The high cost of K-Cups and pods
There are two reasons people give for using single-serve coffee: convenience and price (the rationalization for the latter is that otherwise too much coffee from a pot is thrown away and wasted).
Here is the straightforward truth about what you are paying by using single-serve. The amount of coffee in a pre-packaged single serving varies; I’ve given some common examples. If your single-serve pod, cup, or pack isn’t listed, dismantle one, weigh the coffee and put the amount in the appropriate cell in the spreadsheet.
If you don’t feel like looking up the typical box of K-Cups, here are some examples:
Green Mountain Sumatran Reserve Coffee Extra Bold K-Cups- 18 Count – $11.99 at Bed, Bath, and Beyond = $27.47/lb ($0.67 per cup)
Folgers Gourmet Selections Coffee K-Cups, Lively Colombian Regular – 12-Count (Pack of 3) – $22.86 at Amazon = $32.00/lb ($0.63 per cup)
Dunkin Donuts Original blend K-Cups – 14 count – $17.95 at Dunkin Donuts stores = $64.62/lb ($1.28 per cup)
Nespresso capsule variety – 50 count – $50.00 on Amazon = $82.47/lb ($1.00 per cup)
Maxwell House Mild Morning Tassimo T-Disks – 14 count (pack of 2) – $19.98 = $40.46/lb ($0.83 per cup)
So, the price per pound is ridiculously high (I was astonished to find, when researching this post, that some people buy K-Cups using food stamps!!!). What about the argument that K-Cups are cheaper since no coffee is wasted?
As noted in my latest annual summary of coffee cost for my two-person household, the four-year average — including many great coffees and shipping — is $20.53/lb. If I made two cups of coffee a day at $20.53/lb, at the standard 11 grams per 6-ounce cup, I’d spend $363 a year. If I used two extra-bold (11 gram) K-Cups a day at the cheapest example above, I’d need forty 18-count boxes and I’d spend $479. I save $116 a year. At $0.50 a six-ounce cup (my four-year average), I’d have to waste nearly 11 gallons of coffee to spend as much as I would on K-Cups in this example. That’s tossing away a cup of coffee from a pot nearly every day 8 months of the year.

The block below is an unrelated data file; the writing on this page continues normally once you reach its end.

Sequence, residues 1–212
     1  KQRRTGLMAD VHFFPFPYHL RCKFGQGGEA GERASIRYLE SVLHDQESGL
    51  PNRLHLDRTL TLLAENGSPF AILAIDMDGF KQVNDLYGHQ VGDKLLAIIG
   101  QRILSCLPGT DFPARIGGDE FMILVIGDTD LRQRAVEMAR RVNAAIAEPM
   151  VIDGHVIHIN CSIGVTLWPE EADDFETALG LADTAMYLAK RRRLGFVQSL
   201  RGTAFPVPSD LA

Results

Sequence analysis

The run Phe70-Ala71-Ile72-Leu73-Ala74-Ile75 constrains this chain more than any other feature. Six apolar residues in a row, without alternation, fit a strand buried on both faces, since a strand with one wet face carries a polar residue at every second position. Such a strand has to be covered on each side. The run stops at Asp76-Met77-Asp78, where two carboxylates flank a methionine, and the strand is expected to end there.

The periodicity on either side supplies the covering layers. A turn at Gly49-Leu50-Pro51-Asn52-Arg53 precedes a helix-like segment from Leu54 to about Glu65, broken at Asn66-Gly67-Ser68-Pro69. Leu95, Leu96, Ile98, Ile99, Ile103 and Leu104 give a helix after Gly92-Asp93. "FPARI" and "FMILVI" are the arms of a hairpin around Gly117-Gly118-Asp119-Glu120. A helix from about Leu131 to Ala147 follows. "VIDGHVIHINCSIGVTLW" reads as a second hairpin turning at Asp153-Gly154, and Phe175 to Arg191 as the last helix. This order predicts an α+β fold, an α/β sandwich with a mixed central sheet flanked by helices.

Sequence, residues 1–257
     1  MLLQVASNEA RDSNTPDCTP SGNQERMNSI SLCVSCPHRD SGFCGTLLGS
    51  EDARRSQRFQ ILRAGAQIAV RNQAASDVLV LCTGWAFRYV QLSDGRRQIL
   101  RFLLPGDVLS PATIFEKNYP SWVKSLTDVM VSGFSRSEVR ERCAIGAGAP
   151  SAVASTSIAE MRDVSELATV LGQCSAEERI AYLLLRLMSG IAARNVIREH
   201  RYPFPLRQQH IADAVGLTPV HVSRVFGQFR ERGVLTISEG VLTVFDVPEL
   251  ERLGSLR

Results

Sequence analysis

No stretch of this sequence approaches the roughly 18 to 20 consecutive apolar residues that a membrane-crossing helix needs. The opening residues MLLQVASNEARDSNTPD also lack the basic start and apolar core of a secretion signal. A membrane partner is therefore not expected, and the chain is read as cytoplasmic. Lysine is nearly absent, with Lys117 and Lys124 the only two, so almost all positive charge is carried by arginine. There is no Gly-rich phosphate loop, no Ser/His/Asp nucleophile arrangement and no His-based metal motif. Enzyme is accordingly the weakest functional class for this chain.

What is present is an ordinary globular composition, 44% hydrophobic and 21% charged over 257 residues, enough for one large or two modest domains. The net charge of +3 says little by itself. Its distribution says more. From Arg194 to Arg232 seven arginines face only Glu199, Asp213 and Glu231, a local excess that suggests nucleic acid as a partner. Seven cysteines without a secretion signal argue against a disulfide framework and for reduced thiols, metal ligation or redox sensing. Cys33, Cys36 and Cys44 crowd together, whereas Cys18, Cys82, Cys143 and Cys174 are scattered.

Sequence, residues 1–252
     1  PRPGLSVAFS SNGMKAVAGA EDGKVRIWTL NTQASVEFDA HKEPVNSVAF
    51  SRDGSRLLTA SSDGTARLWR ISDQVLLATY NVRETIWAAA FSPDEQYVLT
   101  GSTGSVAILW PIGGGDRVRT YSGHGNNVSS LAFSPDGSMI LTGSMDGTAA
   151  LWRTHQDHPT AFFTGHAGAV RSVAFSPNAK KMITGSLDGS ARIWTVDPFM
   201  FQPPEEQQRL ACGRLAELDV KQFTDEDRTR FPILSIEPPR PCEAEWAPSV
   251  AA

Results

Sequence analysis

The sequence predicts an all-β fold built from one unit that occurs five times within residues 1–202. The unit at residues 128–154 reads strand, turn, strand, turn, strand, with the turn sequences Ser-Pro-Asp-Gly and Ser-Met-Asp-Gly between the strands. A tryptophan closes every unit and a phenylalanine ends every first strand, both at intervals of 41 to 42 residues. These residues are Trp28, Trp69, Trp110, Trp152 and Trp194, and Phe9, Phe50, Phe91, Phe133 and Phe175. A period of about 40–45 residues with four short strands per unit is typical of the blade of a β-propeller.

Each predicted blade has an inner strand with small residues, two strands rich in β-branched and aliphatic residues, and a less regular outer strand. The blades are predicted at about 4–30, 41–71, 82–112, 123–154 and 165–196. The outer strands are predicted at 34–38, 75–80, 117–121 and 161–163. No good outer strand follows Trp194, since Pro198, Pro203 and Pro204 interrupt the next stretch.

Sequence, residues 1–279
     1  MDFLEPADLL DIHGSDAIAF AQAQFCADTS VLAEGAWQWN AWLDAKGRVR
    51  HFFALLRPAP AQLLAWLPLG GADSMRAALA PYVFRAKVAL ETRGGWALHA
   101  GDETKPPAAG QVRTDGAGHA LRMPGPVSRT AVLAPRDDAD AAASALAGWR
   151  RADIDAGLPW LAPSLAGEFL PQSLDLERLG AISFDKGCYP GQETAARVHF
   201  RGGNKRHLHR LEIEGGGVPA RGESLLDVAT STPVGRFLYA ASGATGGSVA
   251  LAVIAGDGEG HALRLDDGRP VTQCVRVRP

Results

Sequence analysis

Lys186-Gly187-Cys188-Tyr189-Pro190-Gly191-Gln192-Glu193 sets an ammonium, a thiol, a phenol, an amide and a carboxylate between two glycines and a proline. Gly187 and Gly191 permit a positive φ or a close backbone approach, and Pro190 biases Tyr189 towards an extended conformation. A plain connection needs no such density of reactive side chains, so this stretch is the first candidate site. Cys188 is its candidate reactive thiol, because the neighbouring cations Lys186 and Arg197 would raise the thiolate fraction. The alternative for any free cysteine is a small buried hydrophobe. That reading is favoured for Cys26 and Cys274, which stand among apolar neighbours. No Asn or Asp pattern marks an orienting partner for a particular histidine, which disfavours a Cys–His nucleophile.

What about convenience?
The solution to the waste issue is, indeed, to brew only the coffee you’ll drink. Rather than buying a $150 Keurig brewer, buy a Bodum 17-Ounce Electric Water Kettle for $40 which boils water in 4 minutes (getting it to the correct temperature, unlike most coffee pots or single-cup brewing machines). Then get a foolproof Clever Coffee Dripper for $22 (you can make up to three six-ounce cups in it, if you wish). A year’s supply of paper filters would set you back less than $50 and can be composted (your 2 K-Cups a day amounts to 8 pounds of crap in a landfill a year).
Is this also a huge hassle? Start to finish, brewing a K-Cup takes about 3 minutes, mostly because the water doesn’t reach a high enough temperature nor is it in contact with the coffee for enough time for proper extraction. To make one to three cups in your Clever takes about 8 minutes (four for the water, four for the brewing; detailed how-to here). For those extra few minutes, you save money and you get better coffee even if you use pre-ground coffee put in the filter the night before and accidentally let it steep for too long. For every “upgrade” you make (better quality coffee, grinding your own beans, paying attention to timing) the improvement in quality will be substantial.